Then there’s this huuuuuge gap. To exist in that space is impossible, and it’s what makes social situations so complicated for me. I’m focusing on anger, and a sensation of hatred, but it’s equally applicable to a whole range of other emotions.

On the other side of my ‘scale’ there is hate. I’ve been taught, from an early age not to use that word, especially by my Dad, because it is such an extreme and to this day I’ve been unable to accept that there could be a better word to fit the way I feel. It’s lonely, to go from feeling intense affection for someone who is a friend and then feel so deeply hurt and frustrated by them or something they have done or said that the feelings inside you switch and develop, consume and utterly control you. 

I can only describe it as hate, and it’s an awful sensation. It comes with an intense desire to be away from them, to hurt them, to make them realise how much you’re hurting and to hurt them back. You become unable to focus – words and almost impossible to muster, and because you know that the feeling is only temporary it’s so important to be able to get out of the situation without saying anything damaging. The anger is so finely and specifically directed at this one particular thing, but to control the emotion feels like a mammoth task. 

It’s followed instantly by the desperate need to GET OUT. Whether you’re there in person, or talking on the phone, text messaging, or talking through e-mail or online messaging. 

Everything becomes impossible. This anger is the sole emotion. There is nothing else. Even though you might fight desperately within yourself for rationale, there is nothing. Struggling to stay ‘level’ takes a lot of effort in itself. Often, in the time it takes to fight the wave of emotions a host of other thoughts, feelings and general awarenesses happen to further confuse the situation.

You can’t just pause time, and often that need to explain yourself is too difficult. You know that you shouldn’t be angry, but in the time it takes to try and reel in your emotions it’s just too late. Whoever you’re with, or talking to knows that there is something wrong. So the question comes. Rarely, is it understanding, slow, careful. Usually it’s defensive or provoking. You don’t want either of those things. A defensive question brings the clarity to understand that yes they know you’re feeling something – and the wave of concerns comes all over again. 

I often have strong feelings, and I prefer to keep them to myself because that’s just easier.

I have many friends that I have simply had to leave or hang up on and almost always it’s without a word because formulating words is physically impossible. 

It’s not easy, but I’ll try to explain how complex the things that rush through my mind in those moments are. 

First of all, there is the ‘thing’ itself. Whatever the trigger has been. Meltdowns happen much more regularly on a ‘bad’ day, as if the chemicals in your brain are just so unbalanced that the only things that come from it are negative, low and depressed. 

A ‘thing’ will happen and all the possible causes, consequences and potential from that thing play out in your head all at the same time. Each new possibility tends to be worse than the last. You go from feeling upset that you can’t do this simple thing to feeling sad about what that means. Then the worry steps in. Will you ever be able to manage this? In fact, have you ever actually been able to manage it? Were ‘they’ right all along? You are not able, you are not capable, you are not useful, you are not accomplishing anything, you are a burden, you can’t even keep the promises that you make to yourself, never mind the promises you make to anyone else. In fact, why do you ever make promises?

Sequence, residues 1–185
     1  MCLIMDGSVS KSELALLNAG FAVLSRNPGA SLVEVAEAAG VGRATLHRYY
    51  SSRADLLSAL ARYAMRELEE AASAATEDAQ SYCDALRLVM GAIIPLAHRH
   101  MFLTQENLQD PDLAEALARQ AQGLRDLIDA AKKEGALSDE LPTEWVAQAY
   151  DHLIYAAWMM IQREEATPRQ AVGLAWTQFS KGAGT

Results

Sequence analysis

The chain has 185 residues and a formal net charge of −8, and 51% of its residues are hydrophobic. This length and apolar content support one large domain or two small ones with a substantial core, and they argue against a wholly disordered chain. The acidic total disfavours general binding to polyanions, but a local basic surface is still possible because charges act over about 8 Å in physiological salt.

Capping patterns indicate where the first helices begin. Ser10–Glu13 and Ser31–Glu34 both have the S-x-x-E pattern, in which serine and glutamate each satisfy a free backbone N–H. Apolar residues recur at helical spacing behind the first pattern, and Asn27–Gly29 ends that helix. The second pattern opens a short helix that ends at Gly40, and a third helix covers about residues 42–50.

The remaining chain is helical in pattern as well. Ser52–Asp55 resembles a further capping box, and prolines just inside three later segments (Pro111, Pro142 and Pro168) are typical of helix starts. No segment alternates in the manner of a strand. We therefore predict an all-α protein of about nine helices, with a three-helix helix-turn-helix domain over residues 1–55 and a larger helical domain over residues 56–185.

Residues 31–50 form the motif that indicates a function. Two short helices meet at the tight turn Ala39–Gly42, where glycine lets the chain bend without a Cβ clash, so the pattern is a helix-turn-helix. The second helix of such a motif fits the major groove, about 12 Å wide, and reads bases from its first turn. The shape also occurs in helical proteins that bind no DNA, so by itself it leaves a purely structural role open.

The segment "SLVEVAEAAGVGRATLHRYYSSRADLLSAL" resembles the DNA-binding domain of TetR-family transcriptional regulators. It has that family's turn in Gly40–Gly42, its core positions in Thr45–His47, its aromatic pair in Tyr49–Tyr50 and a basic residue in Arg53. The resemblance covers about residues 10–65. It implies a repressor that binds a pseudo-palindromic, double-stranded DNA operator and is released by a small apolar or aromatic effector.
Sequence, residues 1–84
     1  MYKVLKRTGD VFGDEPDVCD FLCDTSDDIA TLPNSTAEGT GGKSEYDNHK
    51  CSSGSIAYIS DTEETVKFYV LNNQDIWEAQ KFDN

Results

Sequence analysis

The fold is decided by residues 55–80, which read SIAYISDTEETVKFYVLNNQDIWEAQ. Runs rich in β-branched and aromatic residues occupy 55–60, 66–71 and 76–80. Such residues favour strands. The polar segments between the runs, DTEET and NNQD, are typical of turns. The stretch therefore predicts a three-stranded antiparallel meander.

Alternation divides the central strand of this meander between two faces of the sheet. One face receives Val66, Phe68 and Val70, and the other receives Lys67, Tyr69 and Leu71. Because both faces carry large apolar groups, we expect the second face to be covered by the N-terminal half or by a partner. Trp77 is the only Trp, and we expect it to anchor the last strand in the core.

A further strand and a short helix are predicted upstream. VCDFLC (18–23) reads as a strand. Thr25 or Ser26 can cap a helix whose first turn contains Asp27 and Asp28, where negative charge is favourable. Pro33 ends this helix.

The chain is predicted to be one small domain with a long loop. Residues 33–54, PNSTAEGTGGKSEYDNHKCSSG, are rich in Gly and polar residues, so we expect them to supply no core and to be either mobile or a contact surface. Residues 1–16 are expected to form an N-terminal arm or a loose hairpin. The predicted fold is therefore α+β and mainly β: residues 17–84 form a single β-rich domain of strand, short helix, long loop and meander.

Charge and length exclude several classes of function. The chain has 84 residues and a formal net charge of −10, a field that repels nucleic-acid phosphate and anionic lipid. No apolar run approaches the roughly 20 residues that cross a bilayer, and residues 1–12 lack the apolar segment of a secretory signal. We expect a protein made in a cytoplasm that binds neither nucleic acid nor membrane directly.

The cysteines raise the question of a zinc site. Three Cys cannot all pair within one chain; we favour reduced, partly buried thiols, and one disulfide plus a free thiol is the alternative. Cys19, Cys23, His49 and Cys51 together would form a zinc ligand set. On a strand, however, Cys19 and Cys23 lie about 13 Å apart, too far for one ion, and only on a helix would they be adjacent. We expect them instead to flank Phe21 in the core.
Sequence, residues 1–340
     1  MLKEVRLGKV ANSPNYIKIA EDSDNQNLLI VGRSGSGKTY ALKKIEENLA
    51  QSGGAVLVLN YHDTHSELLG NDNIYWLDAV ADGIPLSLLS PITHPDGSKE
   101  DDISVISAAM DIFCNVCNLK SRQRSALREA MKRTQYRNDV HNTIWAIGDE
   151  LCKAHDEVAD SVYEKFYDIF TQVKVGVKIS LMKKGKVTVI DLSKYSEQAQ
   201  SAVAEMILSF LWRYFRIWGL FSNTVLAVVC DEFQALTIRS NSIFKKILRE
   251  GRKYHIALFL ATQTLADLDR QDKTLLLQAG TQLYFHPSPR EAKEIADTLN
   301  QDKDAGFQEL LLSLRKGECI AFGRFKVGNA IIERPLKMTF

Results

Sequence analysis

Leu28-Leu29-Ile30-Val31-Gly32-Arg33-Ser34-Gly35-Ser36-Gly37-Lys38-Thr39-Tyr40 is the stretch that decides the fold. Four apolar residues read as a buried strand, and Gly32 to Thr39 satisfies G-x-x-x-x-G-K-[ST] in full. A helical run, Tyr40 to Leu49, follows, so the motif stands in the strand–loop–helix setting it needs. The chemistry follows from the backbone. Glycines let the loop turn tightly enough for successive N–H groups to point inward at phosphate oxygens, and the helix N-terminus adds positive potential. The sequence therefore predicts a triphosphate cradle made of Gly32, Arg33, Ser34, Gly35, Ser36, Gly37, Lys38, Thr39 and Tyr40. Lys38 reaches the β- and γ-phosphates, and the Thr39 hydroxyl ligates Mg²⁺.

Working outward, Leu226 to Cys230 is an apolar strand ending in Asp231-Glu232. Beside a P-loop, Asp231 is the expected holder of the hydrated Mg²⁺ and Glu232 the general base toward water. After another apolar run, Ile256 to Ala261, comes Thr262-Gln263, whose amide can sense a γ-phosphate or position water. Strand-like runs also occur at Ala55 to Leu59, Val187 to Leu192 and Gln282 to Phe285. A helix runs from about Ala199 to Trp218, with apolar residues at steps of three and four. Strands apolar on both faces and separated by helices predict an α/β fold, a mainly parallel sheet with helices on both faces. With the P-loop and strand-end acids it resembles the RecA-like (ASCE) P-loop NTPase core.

It’s at this point, you’ve effectively cancelled out all the future plans in your life. Nothing is achievable. You’ve gone beyond all your basic needs, there’s no need for any of them so there is only one question. 

Why am I even here?

The ‘truth’ – that you don’t know is so soul destroying. It’s like everyone you love breaking your heart at the same time because they’ve let you go on like this. Believing that you could be something when really you’re just going through the motions. The belief that everyone you love hates you is strong, and difficult to cope with. Perhaps if you’re lucky there is a slither of desperation. The need to reach out, to make a phone call, message a friend, go to someone but it’s such a fragile moment. Calling someone and ending up with their answer machine is difficult, especially. Do you leave a message? In the state you’re currently in any friend will know that you have a problem and where does that leave you then? You can’t possibly leave a message because if you end it all you cannot imagine the guilt that you will leave them with. 

So you don’t leave a message. You just hope that they’ll call back. 

The ‘next thing’ is there though. It’s hovering over head like a dark cloud because once you’ve reached why am I even here the next step is obviously ‘I don’t deserve to be here’, so often in conjunction with ‘I can’t do this anymore’.

Getting out is difficult. Escaping those feelings usually means completely escaping. I personally feel lucky, that for whatever reason, I haven’t turned to drugs or alcohol. A quickly as I reach ‘critical’, I can come back down. I’m the first to admit to extreme behaviours and responses in those moments, and it’s embarrassing to know that so many people have witnessed them. I do get scared, that one day the ‘off’ button will be too close, too instant, and too permanent. That one day I’m going to be somewhere potentially life-threatening when something drastic happens to me.